Stem injection

The stem injection method involves drilling or cutting through the bark into the sapwood tissue in the trunks of woody weeds and trees. Herbicide is immediately placed into the hole or cut. The aim is to reach the sapwood layer just under the bark (the cambium growth layer), which will transport the chemical throughout the plant.

It is essential to apply the herbicide immediately (within 15 seconds of drilling the hole or cutting the trunk), as stem injection relies on the active uptake and growth of the plant to move the chemical through its tissue.

Drill and fill method

This stem injection method is also referred to as tree injection, and is used for trees and woody weeds with stems or trunks greater than 5 cm in circumference.

This method uses a battery-powered drill to drill downward-angled holes into the sapwood approximately 5 cm apart. The placement of herbicide into the hole is usually made using a backpack reservoir and syringe that can deliver measured doses of herbicide solution.

The Sidewinder is a stem injection system created by a Queensland equipment manufacturer Sidewinder Injection Systems based at Noosaville. The Sidewinder consists of a backpack injector that uses an electric drill and screw nozzle to inject herbicide under high pressure, much like a hypodermic syringe for trees. Trials have shown that Sidewinder Injectors reduce the amount of chemical used by up to 50 times compared to other similar stem injection methods. The Sidewinder is regarded as the most environmentally friendly technique, especially when plugs are used to seal injection points.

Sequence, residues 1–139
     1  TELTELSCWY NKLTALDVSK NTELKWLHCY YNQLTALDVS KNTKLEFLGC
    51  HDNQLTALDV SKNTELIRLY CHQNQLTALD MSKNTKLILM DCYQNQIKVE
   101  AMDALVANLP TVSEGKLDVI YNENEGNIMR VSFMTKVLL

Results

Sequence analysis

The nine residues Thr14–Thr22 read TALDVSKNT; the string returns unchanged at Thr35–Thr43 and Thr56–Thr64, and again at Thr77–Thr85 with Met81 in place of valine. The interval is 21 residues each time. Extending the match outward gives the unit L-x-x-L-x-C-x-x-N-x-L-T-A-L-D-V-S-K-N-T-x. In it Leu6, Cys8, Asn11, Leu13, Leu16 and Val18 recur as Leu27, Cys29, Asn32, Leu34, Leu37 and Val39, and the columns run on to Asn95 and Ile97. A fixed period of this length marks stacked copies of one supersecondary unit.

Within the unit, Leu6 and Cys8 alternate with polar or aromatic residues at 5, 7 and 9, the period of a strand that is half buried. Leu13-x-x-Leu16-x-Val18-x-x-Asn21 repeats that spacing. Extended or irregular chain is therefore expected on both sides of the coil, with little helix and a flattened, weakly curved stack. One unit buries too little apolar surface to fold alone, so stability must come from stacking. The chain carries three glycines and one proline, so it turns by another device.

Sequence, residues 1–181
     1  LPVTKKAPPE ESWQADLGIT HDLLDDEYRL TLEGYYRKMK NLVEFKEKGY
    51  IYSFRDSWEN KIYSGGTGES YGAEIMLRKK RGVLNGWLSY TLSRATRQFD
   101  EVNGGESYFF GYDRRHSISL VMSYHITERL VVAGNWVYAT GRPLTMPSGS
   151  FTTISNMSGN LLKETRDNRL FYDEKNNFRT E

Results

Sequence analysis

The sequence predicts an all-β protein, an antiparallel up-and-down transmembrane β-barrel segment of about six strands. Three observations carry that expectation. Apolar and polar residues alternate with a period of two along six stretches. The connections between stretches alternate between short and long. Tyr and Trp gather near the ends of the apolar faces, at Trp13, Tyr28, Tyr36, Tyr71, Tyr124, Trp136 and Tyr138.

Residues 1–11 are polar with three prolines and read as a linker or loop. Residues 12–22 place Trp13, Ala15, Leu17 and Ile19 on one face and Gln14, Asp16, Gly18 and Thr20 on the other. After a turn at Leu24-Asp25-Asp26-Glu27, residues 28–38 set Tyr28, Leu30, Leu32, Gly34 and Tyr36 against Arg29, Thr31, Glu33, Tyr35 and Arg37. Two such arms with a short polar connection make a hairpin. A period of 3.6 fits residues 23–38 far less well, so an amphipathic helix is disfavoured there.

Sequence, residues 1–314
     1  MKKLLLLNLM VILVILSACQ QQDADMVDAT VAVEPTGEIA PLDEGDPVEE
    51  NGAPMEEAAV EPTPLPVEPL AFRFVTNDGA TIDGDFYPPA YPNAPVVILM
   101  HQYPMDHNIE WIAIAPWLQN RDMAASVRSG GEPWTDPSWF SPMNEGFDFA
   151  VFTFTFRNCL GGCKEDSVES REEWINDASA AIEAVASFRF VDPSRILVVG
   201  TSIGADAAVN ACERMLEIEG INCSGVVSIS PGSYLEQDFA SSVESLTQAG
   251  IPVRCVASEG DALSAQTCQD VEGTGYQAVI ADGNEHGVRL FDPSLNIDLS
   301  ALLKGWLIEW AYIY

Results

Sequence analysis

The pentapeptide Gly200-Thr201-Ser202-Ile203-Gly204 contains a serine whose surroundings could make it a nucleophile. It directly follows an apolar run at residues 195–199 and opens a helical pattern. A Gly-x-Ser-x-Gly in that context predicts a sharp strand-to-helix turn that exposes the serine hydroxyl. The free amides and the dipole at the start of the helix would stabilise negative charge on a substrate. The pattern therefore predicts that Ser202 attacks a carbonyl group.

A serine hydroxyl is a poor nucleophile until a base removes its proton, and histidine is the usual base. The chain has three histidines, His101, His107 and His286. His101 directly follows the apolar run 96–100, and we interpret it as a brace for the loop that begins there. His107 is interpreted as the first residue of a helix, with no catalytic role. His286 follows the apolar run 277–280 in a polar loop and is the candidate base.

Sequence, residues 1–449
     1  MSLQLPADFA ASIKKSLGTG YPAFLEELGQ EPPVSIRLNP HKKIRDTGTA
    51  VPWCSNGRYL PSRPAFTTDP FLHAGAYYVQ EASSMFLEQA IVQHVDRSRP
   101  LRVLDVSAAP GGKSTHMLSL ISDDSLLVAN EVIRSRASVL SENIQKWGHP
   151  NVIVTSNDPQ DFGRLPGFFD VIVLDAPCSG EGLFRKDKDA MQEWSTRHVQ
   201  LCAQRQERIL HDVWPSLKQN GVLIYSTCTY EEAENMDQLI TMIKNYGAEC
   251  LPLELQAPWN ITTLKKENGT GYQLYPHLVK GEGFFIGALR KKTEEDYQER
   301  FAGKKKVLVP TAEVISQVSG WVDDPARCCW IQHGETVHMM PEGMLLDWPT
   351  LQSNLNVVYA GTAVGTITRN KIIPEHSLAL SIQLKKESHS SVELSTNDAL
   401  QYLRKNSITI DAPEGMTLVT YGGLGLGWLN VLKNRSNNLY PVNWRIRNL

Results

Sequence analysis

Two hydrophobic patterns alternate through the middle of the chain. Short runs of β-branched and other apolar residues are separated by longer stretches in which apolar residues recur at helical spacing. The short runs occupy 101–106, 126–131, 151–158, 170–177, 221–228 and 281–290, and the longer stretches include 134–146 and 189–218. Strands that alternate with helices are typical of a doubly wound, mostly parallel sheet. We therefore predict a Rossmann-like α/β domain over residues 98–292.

Stem injection methods kill the tree or shrub where it stands, and only trees and shrubs that can be safely left to die and rot should be treated this way. If the tree or shrub is to be felled, allow it to die completely before felling.

Axe cut method

This method involves cutting through the bark into the sapwood tissue in the trunk, and immediately placing herbicide into the cut. Like the drill and fill method, the aim is also to reach the tissue layer just under the bark (the cambium layer), which will transport the chemical throughout the plant.

The axe cut method can be used for trees and woody weeds with stems or trunks greater than 5 cm in circumference.

Using an axe or tomahawk, horizontal cuts are made into the sapwood around the circumference of the trunk at waist height. While still in the cut, the axe or tomahawk is leaned out to make a downward angled pocket which will allow herbicide to pool. The herbicide is then immediately injected into the pocket. Cuts should be made no further than 3 cm apart. This method of using an axe to make the cut is often referred to as frilling or chipping.

This method can also be achieved using a hammer and chisel to make the pocket cuts, or a spear to make cuts in the trunk closer to ground.

It is important not to entirely ringbark the trunk, as this will decrease the uptake of the herbicide into the plant.

Last updated 04 November 2011